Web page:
This group isn’t that deep right now for college hitters, because a few have dropped off and others like Bradley Zimmer from San Francisco and Michael Conforto from Oregon State, have seemed to cement their spot in the top half of the first round. On the other side, Virginia’s Derek Fisher broke his hamate bone and questions that kept him in the 20-25 range early, haven’t been answered without him playing. There were other players in the 30-40 range pre-season, that had a chance to move up, but they really haven’t, leaving the Pirates with very few legitimate choices in the first round.
They could choose from a group that includes solid bats like Matt Chapman at third base, Kyle Schwarber and Max Pentecost at catcher and newcomer to the first round, first baseman Connor Gillaspie from Wichita State. The Pirates have a nice group of catchers in the lower levels, but Schwarber likely won’t catch in the pros, so he could be a first base option. If they think Pentecost is the best player when their turn comes up, then the Pirates will take him regardless of the position. Most fans wouldn’t mind them going for a strong corner bat though, so Chapman and Gillaspie would be well received picks and by no means a stretch at that spot.
The prep hitters are an interesting group. You have four infielders that all look like decent picks with high upside and it’s likely that 2-3 of them could fall to the Pirates range. Jacob Gatewood and Braxton Davidson provide possible power bats at opposite corners of the infield. Gatewood plays shortstop now, but few believe he can stick there and most see him as a future third baseman. Michael Chavis and Forrest Wall are athletic middle infielders with strong bats. Just like Gatewood, they play some shortstop, but neither projects to stay there. While the Pirates likely won’t get to pick between all four, they are all solid choices in the late first round.
There are also two outfielders of note, though neither might be a popular choice due to depth at that spot in the Pirates farm system. If you rate one of these players much higher than the next best player on your list, then you have to go with best player available and let the depth work itself out over the years. If you’re following the minors this year, you’ll know that the highly talented West Virginia outfield group of Barrett Barnes, Austin Meadows and Harold Ramirez, hasn’t played one game together this year. They are all out with hamstring injuries, so nothing is guaranteed with prospects and that’s why most teams go with the best player available when they pick.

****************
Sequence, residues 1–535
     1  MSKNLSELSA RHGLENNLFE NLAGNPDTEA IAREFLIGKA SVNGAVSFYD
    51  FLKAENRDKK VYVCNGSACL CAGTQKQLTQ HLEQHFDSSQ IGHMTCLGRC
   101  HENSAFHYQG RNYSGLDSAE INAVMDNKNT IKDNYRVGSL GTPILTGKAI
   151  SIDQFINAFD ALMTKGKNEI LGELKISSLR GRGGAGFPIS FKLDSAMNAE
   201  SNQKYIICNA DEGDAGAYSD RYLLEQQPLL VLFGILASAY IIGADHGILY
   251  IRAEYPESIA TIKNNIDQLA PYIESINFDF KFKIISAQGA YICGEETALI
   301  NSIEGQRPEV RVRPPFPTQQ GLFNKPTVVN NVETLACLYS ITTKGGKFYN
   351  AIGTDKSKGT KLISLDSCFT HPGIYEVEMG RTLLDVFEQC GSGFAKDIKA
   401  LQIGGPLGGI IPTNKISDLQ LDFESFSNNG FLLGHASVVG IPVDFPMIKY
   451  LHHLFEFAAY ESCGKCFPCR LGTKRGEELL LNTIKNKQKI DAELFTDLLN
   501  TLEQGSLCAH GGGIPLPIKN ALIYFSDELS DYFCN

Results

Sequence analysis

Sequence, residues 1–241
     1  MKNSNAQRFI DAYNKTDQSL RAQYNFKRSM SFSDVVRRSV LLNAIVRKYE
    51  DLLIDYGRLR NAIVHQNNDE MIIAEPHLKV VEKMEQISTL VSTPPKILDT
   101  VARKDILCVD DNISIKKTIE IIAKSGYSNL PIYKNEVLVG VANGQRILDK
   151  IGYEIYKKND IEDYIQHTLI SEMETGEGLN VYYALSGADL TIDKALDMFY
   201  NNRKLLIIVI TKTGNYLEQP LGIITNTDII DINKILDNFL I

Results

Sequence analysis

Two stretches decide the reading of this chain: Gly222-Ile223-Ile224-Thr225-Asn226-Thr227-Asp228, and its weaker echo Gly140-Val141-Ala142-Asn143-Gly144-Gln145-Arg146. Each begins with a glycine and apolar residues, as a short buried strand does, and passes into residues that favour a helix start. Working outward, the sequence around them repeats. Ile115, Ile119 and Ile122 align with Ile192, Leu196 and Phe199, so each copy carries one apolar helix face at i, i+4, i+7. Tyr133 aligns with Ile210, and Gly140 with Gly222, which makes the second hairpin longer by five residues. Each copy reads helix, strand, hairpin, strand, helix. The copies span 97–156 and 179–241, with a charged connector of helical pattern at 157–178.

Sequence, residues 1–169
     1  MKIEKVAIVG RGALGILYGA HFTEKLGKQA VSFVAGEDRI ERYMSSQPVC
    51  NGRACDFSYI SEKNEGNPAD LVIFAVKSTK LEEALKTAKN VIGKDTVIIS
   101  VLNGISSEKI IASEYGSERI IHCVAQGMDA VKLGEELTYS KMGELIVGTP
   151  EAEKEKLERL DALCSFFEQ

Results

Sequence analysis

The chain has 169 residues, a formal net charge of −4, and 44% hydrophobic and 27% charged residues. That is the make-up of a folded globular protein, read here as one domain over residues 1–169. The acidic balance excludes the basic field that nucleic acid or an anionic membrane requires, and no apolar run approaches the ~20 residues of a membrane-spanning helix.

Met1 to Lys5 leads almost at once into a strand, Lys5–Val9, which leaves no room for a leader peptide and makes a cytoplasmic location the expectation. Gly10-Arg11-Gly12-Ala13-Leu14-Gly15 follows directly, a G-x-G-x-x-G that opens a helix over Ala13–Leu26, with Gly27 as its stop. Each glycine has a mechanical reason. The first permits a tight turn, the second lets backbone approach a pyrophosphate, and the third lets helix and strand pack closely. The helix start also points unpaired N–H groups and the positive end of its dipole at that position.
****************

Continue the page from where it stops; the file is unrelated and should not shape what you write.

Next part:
That being said, the Pirates might consider toolsy Monte Harrison, who is a very athletic player that has moved up the charts. They could also go for Michael Gettys, who has been ranked high all season and provides a more polished player than Harrison. Both outfielders would be strong choices and provide high upside.
Where Does That Leave the Pirates?
While the Pirates won’t get a top end talent like they are used to recently with that first pick, they will have some interesting choices when their first pick comes up. Do they take a polished college pitcher with mid-rotation upside that could move fast? How about gambling on a prep arm becoming a top of the rotation starter down the line? They can go with a bat too, but one thing I’ve noticed is that there are a lot of corner infielders being mentioned in the second round range this year. In that same area, the pitching upside also thins out considerably.
The Pirates pick 65th and 74th overall, so the best thing for them to do might be going for a solid pitcher in the first round, then double up on college bats with the next two picks. At least that’s how the draft class looks with seven weeks left to the draft. Things can change quickly though, so we may not have a real good idea of who the Pirates will take until we see what is left when their turn comes up.
Links and Notes
You can find links to all four of our draft previews here and read up more on most of the players mentioned above. Also, 4-5 times a week, we post a draft article with news, notes, stats and links. Counting the previews, there are already 42 articles up from this year in our draft section.